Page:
Age of Discovery, Apollo, Apollo missions, Columbus, economy, Golden Age of Spain, good jobs, jobs, NASA, privatization, return on investment, ROI, Soviet space program, Soviets, Space, space exploration, Spain, Technology, wages
Space exploration ROI (return on investment) sucks. Exploration doesn’t make money, it costs money. It’s not a place for private business. If the question of space exploration is, “What’s in it for me?” you’re asking the wrong question. Space exploration isn’t profitable, but it is transformative.
Exploration Creates Economic Growth
In the 15th century, when the government of Spain financed Columbus to explore a new trade route to the markets in Asia, he discovered the Caribbean. He brought back a few captured natives from the Bahamas, some gold, and a few birds. It didn’t pay for the cost of the voyage.
But what came next transformed Spain and Europe. The year of the discovery of the Americas (1492) is considered the start of the Golden Age of Spain. After Columbus first voyage to the new world, Spain continued with more voyages, and eventually the full exploitation of Central and South America. Most historians focus on the resources that were returned to Spain, but what happened at home was even more important.
Shipbuilding entered a new phase of design and construction. Jobs at home created a new wealth for the working class. Craftsmen, as well as sailors, became vital to the needs of the Age of Discovery. That new wealth created secondary jobs, along with new businesses selling imported goods. All of this economic growth was a direct result of the exploration pushed forward by the government of Spain.
Exploration created massive economic growth for decades, but exploration didn’t give an immediate ROI for Spain.
The Model Space Program
Not all space programs are successful. The Soviet space program became mired in conflicts between good science and engineering versus political priorities. The administration was pushed into risky decisions and failure was not without punishment. In addition, new technology was considered a State secret so the development of commercial uses was not an option.
The United States approach for the space program was for the use of non-military government oversight of private contractors. The government remained accountable to the voters, which kept both the government and their contractors in a stable environment for decision making.
The result was a massive increase in highly-skilled, well-paid jobs that created a new wealth for the middle class. Space exploration supercharged the United States economy and created new technology that continued to develop for decades after the Apollo program ended. It was the model space exploration program.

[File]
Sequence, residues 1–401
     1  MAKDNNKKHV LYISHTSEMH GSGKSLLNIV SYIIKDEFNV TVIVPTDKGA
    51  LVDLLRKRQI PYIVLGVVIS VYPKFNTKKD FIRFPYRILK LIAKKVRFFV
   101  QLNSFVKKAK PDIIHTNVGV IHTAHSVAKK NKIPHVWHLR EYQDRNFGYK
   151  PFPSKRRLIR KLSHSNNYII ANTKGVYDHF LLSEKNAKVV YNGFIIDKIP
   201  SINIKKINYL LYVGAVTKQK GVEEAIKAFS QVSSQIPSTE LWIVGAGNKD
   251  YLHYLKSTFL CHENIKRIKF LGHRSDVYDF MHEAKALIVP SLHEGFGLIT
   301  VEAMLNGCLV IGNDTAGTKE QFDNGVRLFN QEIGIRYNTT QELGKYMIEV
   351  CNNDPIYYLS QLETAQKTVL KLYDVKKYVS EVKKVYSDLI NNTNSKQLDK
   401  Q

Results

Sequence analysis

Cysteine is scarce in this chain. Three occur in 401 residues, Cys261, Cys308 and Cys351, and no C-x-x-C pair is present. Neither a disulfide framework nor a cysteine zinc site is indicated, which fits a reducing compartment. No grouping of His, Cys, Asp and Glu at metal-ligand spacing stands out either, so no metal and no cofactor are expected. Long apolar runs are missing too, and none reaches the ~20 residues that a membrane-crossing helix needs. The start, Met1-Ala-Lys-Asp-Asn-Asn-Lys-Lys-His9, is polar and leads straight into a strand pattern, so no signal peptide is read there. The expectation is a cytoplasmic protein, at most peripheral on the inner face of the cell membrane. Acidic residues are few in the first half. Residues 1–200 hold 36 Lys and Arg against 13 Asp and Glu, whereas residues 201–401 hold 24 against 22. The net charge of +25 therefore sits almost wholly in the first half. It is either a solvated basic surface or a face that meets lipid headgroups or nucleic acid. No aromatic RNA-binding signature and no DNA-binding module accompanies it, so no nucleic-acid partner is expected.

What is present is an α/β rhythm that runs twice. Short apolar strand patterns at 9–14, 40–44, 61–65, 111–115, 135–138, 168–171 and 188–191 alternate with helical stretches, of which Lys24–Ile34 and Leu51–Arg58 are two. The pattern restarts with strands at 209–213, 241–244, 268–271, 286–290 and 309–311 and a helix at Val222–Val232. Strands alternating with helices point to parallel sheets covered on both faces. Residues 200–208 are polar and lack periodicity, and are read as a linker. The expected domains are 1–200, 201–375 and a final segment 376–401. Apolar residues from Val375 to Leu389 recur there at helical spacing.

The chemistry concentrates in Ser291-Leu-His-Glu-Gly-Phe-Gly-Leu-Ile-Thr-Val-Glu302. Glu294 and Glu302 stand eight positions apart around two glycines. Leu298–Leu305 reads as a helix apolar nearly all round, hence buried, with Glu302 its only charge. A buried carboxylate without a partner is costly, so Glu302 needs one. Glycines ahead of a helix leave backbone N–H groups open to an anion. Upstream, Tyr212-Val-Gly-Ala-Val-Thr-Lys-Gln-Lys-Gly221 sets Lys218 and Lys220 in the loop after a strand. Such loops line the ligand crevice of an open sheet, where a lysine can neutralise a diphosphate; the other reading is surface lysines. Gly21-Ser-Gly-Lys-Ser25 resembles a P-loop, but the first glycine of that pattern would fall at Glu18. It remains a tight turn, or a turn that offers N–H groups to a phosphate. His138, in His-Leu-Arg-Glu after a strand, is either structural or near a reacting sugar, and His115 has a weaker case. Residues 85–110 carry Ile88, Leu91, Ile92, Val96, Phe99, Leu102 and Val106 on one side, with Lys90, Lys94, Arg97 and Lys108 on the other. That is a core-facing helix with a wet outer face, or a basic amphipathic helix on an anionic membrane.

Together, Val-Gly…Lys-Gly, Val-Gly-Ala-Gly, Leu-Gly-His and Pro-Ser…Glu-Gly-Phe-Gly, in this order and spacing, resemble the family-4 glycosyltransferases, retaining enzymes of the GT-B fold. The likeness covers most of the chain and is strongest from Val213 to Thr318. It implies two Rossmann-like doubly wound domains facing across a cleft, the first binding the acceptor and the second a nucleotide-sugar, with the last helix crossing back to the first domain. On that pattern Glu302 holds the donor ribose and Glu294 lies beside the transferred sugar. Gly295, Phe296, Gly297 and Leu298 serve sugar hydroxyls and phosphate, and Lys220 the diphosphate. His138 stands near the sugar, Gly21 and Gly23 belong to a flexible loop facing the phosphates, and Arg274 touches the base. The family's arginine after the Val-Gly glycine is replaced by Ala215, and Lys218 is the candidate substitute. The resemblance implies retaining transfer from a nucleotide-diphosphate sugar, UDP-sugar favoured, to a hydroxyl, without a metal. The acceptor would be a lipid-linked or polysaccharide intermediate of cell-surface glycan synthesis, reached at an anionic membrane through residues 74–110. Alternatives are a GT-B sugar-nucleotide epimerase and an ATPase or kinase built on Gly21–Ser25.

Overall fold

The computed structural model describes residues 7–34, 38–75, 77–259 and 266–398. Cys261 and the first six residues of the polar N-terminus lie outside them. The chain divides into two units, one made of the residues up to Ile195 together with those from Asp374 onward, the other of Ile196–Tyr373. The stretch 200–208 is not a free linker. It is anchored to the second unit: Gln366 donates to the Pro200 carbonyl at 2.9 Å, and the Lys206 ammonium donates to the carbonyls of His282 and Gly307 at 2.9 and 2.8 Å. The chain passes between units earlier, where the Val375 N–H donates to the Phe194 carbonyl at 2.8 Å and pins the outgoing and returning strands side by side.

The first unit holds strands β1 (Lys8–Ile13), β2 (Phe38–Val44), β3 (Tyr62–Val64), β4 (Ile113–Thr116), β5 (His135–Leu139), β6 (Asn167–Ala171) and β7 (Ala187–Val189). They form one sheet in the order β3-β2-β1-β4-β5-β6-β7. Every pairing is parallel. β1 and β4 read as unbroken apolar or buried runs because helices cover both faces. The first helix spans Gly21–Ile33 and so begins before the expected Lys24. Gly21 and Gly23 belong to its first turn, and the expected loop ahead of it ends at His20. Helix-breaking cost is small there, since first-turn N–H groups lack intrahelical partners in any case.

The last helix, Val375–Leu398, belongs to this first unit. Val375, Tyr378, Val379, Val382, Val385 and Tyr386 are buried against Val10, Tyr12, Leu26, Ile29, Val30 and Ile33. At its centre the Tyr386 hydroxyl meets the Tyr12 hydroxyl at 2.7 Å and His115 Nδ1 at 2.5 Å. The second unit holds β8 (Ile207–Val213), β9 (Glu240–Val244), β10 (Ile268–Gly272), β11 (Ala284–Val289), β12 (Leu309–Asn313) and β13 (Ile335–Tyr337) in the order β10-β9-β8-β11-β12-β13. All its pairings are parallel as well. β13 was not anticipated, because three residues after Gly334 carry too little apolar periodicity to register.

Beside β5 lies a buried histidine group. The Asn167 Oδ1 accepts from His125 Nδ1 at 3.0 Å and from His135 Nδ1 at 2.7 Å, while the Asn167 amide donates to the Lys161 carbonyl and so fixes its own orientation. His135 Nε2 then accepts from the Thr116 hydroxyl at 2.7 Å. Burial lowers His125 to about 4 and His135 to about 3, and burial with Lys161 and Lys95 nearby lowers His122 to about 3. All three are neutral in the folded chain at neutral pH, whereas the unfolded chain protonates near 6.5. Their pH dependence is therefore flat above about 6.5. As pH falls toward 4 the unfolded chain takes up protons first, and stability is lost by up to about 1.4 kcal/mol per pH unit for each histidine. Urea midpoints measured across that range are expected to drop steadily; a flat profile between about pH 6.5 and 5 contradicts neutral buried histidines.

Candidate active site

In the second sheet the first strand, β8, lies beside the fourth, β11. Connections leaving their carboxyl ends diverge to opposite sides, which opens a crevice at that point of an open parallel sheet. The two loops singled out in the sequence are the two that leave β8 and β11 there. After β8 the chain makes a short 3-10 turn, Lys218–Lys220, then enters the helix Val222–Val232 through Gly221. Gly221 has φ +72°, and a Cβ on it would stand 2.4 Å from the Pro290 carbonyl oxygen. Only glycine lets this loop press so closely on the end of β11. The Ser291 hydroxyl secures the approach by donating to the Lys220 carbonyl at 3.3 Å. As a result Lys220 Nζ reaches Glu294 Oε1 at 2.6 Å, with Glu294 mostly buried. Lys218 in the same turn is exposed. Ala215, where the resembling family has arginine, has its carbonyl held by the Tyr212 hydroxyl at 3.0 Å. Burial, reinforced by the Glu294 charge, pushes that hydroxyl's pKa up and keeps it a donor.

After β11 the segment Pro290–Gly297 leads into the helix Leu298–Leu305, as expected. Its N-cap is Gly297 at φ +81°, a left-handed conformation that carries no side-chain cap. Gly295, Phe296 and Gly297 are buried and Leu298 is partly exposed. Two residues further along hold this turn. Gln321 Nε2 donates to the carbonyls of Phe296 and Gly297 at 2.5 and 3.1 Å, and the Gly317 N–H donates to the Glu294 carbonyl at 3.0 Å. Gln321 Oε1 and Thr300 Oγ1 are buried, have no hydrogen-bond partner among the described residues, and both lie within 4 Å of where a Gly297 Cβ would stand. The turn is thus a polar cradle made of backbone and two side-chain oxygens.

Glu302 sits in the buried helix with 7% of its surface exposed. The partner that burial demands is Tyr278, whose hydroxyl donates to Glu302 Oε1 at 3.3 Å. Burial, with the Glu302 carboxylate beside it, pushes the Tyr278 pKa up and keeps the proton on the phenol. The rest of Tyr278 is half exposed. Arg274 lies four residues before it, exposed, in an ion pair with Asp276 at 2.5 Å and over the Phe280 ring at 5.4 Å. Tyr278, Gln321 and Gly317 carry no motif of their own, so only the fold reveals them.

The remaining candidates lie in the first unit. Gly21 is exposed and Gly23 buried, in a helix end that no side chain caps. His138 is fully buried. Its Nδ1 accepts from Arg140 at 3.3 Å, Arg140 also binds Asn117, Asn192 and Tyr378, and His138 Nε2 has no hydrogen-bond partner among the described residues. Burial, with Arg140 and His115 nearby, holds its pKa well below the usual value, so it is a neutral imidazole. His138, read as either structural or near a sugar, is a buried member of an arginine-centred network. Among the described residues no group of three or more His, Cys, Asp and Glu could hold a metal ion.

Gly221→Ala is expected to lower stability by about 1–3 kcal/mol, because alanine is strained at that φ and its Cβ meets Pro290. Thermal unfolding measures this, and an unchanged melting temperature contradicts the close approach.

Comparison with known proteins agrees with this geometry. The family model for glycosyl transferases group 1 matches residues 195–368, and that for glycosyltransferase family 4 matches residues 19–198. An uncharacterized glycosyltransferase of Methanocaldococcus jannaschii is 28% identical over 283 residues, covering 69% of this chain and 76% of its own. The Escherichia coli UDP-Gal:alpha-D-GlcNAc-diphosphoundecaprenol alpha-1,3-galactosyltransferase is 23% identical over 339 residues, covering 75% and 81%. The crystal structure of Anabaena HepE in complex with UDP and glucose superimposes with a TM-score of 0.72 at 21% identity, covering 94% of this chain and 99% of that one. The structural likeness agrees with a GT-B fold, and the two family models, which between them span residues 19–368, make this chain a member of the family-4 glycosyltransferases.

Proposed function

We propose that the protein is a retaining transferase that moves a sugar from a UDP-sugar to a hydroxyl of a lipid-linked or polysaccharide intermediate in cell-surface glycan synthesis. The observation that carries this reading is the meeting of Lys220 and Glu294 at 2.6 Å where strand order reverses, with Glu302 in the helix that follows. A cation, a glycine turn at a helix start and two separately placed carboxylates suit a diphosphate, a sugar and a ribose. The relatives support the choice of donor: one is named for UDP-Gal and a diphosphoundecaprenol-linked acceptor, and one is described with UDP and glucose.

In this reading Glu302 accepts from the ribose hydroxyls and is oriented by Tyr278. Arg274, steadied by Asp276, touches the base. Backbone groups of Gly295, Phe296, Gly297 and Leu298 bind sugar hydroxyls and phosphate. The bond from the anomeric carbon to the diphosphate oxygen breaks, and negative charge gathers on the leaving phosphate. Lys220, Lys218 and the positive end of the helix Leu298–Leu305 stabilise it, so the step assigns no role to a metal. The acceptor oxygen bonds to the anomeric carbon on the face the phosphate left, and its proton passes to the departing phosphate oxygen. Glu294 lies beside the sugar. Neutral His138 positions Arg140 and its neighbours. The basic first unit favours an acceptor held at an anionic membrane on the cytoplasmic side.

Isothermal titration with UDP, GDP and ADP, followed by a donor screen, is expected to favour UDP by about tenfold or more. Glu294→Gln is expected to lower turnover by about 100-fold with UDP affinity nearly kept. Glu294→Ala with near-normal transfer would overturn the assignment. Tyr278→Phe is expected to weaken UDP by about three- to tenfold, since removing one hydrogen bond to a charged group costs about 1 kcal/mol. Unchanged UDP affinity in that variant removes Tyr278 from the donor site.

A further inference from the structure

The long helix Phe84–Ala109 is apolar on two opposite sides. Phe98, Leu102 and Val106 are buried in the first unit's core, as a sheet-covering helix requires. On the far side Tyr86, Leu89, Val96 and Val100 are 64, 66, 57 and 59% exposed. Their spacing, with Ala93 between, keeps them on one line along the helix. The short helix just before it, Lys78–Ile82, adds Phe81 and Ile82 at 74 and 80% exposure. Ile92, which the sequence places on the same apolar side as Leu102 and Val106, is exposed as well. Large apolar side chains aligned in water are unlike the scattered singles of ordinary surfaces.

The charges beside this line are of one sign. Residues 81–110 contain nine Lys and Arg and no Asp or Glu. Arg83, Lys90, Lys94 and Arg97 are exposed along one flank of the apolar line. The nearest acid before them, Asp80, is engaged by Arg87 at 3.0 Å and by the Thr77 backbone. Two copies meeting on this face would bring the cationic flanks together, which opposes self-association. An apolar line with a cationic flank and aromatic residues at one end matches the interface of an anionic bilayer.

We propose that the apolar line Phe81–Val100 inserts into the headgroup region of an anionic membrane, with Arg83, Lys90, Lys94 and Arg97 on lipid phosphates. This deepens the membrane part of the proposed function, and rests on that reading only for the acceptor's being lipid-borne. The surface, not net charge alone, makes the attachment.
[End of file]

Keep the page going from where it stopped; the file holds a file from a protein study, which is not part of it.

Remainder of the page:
A Failure of Vision
Once the United States had landed on the Moon conservatives and liberals united to kill the space program. Liberals could only see the money being spent to explore space as money that could have been used to help the poor. Conservatives could only see money not going into their pockets. As it would turn out, both viewpoints were flawed.
Money spent on for space exploration created new, high paying jobs that created a need for improved education and pumped billions of dollars into the economy that created new tax revenue that could be used for government programs to help the poor engage in the new economy.
The flood of new money into the economy helped small companies grow dramatically while increasing profits. It didn’t result in the wealthy becoming dramatically richer, but it did create prosperity that helped everyone.
Today the United States is wading in a stagnant economy. Wages aren’t growing as fast as prices are rising. The available jobs pay so poorly that they aren’t worth the cost of working them. If we are missing greatness, it is because we are killing our economy with a focus on profit for a few.
The goal of private business is never to create jobs, nor is it to create high paying jobs. Jobs are created when business has been given a mission to accomplish something. Giving tax breaks does not give business a reason to create more jobs, nor pay employees more.
However, if our country made a serious commitment to the goal of expanding space exploration, and funded it with the tax breaks we are giving billionaires, we would see our economy transformed. It is that simple.